Paul Dickson: Acclaimed drama-documentary maker who also worked in '60s TV
Saturday 22 October 2011
I was a hopeful young film-maker when I joined World Wide pictures and met Paul Dickson. He was dynamic, exuberant and enthusiastic, with a remarkable record as a documentary film director.
I was embarking on an amateur film about the Second World War, so I was more interested in his experiences during the battle for Italy. He was a splendid raconteur and vividly conveyed the schizophrenic quality of modern warfare. I was grateful I had missed his generation – he was born in 1920, so was just the right age for military service in 1939 (when I was one).
He was born in Cardiff, his English father a tobacco importer, his mother, from a Russian-Jewish family whoconverted to Christianity, an accomplished pianist. He went to Llandaff Cathedral School in Cardiff. As a boarder at Ellesmere College he became a member of the amateur dramatic society and of the Officer Training Corps. He volunteered for the army in 1939, not as an officer but as an ordinary soldier, for he "wanted to experience more." He spent seven years in the Royal Artillery; in northern Italy he worked with SOE, using the "Rebecca/Eureka" radar system to pinpoint landing operations for agents.
After the war he worked as assistant director for Paul Rotha on his cinemagazine Britain Can Make It. He wrote and directed the public information film Personal Hygiene for Richard Massingham – it must have been a comedy like the other Massingham films – and then joined World Wide Pictures. With Ted Willis he wrote and directed The Undefeated, about a glider pilot who overcomes the loss of his legs and his voice, with the pilot played by a disabled ex-serviceman. It won the British Film Academy Award for the best Documentary from Any Source in 1951. It was nominated for an Oscar and earned an accolade from Fred Zinnemann, who had just made his famous film The Men, with Marlon Brando as a paraplegic.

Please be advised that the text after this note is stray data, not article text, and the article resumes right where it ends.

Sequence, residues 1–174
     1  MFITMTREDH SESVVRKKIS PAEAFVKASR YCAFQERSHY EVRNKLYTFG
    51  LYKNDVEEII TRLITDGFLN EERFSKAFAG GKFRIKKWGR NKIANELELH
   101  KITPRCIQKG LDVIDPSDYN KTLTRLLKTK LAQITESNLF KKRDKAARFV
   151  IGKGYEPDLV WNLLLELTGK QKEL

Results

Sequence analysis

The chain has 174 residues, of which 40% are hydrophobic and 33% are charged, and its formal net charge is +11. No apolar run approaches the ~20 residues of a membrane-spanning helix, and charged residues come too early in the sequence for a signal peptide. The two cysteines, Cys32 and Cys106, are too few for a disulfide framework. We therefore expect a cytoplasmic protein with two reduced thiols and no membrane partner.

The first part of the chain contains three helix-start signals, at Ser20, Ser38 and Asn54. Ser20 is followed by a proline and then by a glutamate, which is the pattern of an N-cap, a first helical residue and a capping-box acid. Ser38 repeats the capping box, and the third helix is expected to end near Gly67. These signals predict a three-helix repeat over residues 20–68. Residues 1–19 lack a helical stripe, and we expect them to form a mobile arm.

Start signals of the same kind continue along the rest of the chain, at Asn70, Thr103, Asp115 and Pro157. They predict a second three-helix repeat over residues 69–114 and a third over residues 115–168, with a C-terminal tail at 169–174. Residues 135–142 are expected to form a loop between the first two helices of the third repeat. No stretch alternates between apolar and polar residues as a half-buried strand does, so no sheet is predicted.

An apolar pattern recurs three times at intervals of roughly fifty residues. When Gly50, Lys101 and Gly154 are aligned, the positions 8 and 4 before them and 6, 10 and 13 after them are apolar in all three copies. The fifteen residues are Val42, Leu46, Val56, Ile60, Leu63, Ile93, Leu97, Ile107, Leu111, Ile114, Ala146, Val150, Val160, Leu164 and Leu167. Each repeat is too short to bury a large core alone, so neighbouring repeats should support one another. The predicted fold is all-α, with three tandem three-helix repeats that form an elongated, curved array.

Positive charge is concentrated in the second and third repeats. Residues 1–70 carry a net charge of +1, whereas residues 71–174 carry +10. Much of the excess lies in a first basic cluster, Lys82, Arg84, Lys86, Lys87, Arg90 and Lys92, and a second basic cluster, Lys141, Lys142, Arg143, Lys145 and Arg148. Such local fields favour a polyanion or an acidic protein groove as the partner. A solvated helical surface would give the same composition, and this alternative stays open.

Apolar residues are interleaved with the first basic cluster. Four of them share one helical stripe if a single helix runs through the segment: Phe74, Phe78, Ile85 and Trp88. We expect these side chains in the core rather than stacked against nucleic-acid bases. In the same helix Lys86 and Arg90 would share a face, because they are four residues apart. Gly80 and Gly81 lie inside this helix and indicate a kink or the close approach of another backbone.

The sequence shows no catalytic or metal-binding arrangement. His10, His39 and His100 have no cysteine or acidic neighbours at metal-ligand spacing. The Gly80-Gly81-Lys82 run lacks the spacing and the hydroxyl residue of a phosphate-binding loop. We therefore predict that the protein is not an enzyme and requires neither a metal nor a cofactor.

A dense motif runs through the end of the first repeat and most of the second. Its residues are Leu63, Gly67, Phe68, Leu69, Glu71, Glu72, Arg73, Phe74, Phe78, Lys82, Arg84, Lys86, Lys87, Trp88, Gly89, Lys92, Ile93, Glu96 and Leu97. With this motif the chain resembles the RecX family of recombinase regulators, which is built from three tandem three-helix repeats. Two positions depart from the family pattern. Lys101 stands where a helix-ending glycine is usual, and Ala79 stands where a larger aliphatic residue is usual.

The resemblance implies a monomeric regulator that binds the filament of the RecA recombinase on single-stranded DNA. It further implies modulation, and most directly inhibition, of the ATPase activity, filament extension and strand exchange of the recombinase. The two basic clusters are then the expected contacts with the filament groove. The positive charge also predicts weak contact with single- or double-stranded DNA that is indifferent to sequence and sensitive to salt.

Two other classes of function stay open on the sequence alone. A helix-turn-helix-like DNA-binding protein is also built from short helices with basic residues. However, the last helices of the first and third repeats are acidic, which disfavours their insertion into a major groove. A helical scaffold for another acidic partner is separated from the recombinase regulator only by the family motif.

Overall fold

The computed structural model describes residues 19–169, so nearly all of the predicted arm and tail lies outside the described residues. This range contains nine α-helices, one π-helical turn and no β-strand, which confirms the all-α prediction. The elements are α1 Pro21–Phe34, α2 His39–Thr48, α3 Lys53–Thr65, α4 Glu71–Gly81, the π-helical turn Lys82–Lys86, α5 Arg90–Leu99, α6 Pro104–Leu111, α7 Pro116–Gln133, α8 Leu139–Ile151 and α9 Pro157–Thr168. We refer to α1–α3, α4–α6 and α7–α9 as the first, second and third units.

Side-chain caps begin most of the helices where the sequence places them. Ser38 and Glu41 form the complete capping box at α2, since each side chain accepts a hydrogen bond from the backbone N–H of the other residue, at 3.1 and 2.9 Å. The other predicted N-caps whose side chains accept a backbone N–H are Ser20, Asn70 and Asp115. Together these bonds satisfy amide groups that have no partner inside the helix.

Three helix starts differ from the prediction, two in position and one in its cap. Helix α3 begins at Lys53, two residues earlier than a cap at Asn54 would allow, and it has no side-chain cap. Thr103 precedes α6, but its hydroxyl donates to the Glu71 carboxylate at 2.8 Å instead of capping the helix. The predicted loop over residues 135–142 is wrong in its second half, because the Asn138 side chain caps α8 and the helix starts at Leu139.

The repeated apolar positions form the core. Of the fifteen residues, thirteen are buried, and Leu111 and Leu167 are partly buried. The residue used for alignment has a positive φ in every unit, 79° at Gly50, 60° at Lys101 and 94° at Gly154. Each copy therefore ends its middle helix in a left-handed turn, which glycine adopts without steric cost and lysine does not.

Dickson's most acclaimed production was David, a drama-documentary of the life of a school caretaker, commissioned to represent Wales at the Festival of Britain. The historian David Berry called it "one of the best three or four films ever to come out of Wales.' The same year, he directed his first commercially sponsored film for Unilever, A Story of Achievement.
All this displayed such talent, such commitment, that film people were surprised when he began directingsecond features for the Danziger Brothers. Second features were a routetechnicians often used to graduate into proper features, but the Danziger Brothers! It was as though the great Humphrey Jennings had turned to producing glamour films.
He became dialogue director for Anatole Litvak, and I remember envying Litvak; imagine having such a man to send his actors before the lens, requiring merely a finishing-touch of direction. And what fascinating actors he worked with – Vivien Leigh in The Deep Blue Sea, Ingrid Bergman in Anastasia (her comeback film won her an Oscar after her seven-year Hollywood embargo) and The Journey with Deborah Kerr, Yul Brynner and Jason Robards.
Having helped Joseph Losey when the blacklisted director settled in England, Dickson alternated with him on one of the first television series filmed in the UK, Mayfair Mystery House. He also made some of the earliest commercials and was even a drama coach for the Rank Charm School.
Yet he did serious documentary work as well; Stone into Steel, which he wrote and directed, received the Venice Golden Mercury Award, while his drama documentary, Student in Berlin, was made for Willi Brandt's Berlin Senate, His commercials won him an invitation to work in America before he returned to direct episodes of The Avengers, Department S and Randall and Hopkirk (Deceased).
As Leo Enticknap writes in Shadows of Progress, "it is clear that Dickson did not perceive an ideological divide between an episode of The Avengers, a toothpaste commercial and a sponsored documentary about the production of steel bars: all were stories of human interaction and dynamics, to be portrayed through similar styles, techniques and emphases."
In 1961, Paul discovered me sweating over my war film, cursing at thedifficulties I had in directing actors.He gave me a lesson I would neverforget. "You should try to appeal tothe actors' senses," he said, "yourdirection must get inside them. Takea scene of a woman sitting by a fire.The fire is simply a studio light. There is no atmosphere for the actress torespond to, so you have to provide it with words. Tell her she can smell the burning wood, the faint scent of pine-trees, she can hear the crackling of the logs, she can feel the warmth, the texture of the wool against her skin; gradually she will respond and give you exactly what you want."
Paul not only persuaded World Wide to give me a documentary to direct, he recorded a commentary for one of my documentaries – free. These wereremarkable gestures in an industry not noted for its generosity. I was delighted when, in 1980, Paul was appointed Head of Direction at the National Film and Television School at Beaconsfield. He found it enormously rewardingto pass on to the next generation what he had learned during 35 years of film production.
Alan Paul Dickson, film director and teacher: born Cardiff 18 January 1920; married 1965 Cindy (divorced c. 1967), 1985 Carole Masson; died Wexham Park, Buckinghamshire 6 October 2011.
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